The New York Times

Legislature Votes To Raise Taxes Of New Jersey's Richest

The New York Times — Tuesday, June 22, 2004


TRENTON, June 21 — After 18 months of debate over raising the taxes of the state's wealthiest residents, both houses of the New Jersey Legislature easily approved the measure known as the millionaire's tax on Monday.

The tax, which despite its name applies to all income over $500,000 a year, will pay for additional property tax relief for households earning less than $200,000 a year. The top rate rises to 8.97 percent from 6.37 percent, affecting about 1 percent of taxpayers.

The income tax increase is the first since 1990, when a broader increase by Gov. Jim Florio and the Democratic Legislature set off a punishing backlash from voters. Proposals for a millionaire's tax won few adherents in the Legislature last year, but this year opposition began to melt quickly.

Gov. James E. McGreevey suddenly embraced the idea this spring. He cast the plan as a property tax relief measure, promising that the $800 million in expected new revenue would be dedicated to rebates. And he stressed that the proposed increase would take a small fraction of the savings that high earners were realizing from President Bush's tax cuts.

The governor's plan included measures to cap local expenditures to keep down property taxes and to assign a study group to consider a state constitutional convention on the property tax system. Those measures were also approved Monday.

The tax increase affects about 30,000 households and benefits about 1.8 million households. The maximum rebate for elderly, disabled and low-income people will rise to $1,200 from $775, and for most other households will increase to $800 from $250.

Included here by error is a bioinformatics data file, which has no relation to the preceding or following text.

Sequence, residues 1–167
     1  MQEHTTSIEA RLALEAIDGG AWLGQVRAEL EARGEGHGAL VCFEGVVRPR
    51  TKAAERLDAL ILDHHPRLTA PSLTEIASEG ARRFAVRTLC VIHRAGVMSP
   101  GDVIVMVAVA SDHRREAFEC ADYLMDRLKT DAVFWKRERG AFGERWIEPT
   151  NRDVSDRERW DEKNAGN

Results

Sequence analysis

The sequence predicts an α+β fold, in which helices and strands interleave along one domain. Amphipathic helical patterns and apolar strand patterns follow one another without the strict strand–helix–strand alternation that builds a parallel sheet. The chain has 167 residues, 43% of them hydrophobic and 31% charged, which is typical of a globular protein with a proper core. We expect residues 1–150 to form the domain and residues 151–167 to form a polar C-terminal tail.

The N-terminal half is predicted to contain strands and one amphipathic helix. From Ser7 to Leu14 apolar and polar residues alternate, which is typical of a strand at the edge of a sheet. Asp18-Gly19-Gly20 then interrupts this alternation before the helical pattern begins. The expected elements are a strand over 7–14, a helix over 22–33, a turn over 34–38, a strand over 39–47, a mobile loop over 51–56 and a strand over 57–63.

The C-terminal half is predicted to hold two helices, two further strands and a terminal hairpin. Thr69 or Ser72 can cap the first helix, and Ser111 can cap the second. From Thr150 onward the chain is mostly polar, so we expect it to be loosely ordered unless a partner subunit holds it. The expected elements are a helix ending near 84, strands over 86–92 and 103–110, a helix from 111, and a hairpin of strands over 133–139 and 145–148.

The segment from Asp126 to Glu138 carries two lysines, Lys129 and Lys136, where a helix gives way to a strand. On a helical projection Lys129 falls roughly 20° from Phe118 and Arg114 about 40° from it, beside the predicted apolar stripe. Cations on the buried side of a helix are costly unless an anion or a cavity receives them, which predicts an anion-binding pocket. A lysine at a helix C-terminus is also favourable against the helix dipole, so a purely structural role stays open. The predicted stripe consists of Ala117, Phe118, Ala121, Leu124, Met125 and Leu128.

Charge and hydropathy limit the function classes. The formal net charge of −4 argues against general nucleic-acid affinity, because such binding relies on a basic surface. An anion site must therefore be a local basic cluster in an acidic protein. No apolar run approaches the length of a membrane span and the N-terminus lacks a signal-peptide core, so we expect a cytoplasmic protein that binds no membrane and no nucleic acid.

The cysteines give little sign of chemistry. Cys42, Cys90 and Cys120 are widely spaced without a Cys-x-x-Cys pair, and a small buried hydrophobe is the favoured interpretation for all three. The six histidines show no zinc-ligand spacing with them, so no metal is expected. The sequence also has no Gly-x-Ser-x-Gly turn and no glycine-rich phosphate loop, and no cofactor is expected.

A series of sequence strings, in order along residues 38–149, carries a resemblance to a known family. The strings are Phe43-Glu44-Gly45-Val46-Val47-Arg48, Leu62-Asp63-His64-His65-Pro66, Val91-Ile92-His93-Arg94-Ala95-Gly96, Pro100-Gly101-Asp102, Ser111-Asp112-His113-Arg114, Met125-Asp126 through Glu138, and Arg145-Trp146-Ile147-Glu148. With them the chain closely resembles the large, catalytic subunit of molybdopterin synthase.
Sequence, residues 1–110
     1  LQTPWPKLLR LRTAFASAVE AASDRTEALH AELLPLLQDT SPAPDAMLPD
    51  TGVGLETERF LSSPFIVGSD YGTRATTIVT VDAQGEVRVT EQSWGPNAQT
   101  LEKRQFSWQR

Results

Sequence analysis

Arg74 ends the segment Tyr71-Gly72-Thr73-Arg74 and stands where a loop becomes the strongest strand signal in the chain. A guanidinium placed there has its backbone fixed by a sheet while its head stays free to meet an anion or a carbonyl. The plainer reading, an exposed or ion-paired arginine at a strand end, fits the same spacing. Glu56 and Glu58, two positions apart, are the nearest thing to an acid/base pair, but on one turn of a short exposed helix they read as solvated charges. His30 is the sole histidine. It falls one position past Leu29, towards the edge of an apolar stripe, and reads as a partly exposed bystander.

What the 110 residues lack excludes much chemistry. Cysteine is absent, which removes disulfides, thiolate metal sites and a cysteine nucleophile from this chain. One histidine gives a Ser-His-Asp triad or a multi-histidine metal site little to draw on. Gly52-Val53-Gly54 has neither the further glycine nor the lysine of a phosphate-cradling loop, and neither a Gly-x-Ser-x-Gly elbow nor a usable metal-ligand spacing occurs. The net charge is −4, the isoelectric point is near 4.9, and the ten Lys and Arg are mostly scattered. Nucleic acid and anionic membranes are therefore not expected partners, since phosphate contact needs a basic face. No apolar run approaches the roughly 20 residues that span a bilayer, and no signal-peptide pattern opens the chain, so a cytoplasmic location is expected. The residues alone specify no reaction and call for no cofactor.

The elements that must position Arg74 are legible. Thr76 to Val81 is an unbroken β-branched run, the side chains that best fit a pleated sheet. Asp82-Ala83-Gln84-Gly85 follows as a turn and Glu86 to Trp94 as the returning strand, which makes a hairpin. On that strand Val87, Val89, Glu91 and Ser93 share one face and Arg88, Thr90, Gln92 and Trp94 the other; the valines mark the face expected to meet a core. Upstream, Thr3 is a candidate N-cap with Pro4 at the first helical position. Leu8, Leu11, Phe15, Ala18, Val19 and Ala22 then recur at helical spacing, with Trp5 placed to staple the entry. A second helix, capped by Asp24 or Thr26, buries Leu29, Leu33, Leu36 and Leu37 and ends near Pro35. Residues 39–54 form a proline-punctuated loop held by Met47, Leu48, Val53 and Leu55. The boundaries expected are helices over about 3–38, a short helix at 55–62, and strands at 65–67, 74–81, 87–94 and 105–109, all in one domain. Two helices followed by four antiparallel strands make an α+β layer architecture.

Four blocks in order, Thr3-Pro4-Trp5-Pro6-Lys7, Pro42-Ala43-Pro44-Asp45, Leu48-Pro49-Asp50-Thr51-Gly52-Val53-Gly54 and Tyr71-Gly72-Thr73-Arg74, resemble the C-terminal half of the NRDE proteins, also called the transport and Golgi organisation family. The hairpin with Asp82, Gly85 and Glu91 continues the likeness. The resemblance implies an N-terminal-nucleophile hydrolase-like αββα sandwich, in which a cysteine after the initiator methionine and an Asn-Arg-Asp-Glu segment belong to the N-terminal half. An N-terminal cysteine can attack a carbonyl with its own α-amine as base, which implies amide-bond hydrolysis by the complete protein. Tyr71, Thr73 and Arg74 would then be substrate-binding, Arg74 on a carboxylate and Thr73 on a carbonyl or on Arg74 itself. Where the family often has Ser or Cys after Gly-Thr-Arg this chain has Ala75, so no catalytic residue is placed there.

While some Republicans supported the measure, most called it a soak-the-rich plan intended for political expediency. "This policy reeks of envy and class warfare," said Assemblyman Michael Patrick Carroll, a Republican from Morristown. They also contended that raising the tax would drive high-income people out of the state and discourage new business.

One Democratic assemblywoman, Bonnie Watson Coleman of Trenton, responded with figures comparing the federal tax cuts with the proposed state tax increases: "If I were fortunate enough to make $550,000 and get a $19,000 windfall, I would be glad to give the citizens of New Jersey an additional $846."

The new bracket makes New Jersey's income tax, already one of the most steeply graduated in the nation, much more so. New Jersey's lowest bracket, at 1.4 percent, compares with 4 percent in New York and 3 percent in Connecticut, for example; the top rates in New York and Connecticut are 7.7 percent and 5 percent, respectively. The top bracket would be the fifth-highest in the nation, behind Vermont, California, Oregon and Iowa. In those states, however, the top brackets start at income levels well under $500,000.

The new tax would be retroactive to Jan. 1, although the new fiscal year begins July 1.

The measure was approved 56 to 24 in the General Assembly and 25 to 13 in the Senate. The votes fell generally along party lines, although 10 of the Assembly's 33 Republicans supported it, as did four Senate Republicans.

Jon Shure, the leader of a coalition of nonprofit groups, the Fairness Alliance that first proposed the tax 18 months ago, said he was gratified by the Legislature's turnabout. "I've been arguing for a long time that the politicians are behind the curve," Mr. Shure said. "What we've needed in New Jersey for a long time is a grown-up discussion about taxes."

The Legislature is expected to approve Mr. McGreevey's $26.3 billion budget before the June 30 deadline. In contrast to the last two budgets, this year's presents few contentious issues, and the Democrats control both houses for the first time since Mr. McGreevey was elected.

The Republicans oppose Mr. McGreevey's plan to borrow $1.5 billion to finance his budget, however. The Senate minority leader, Leonard Lance, said on Monday that they would challenge the borrowing in court "as soon as the ink is dry" as a violation of the State Constitution's requirement of a balanced budget.

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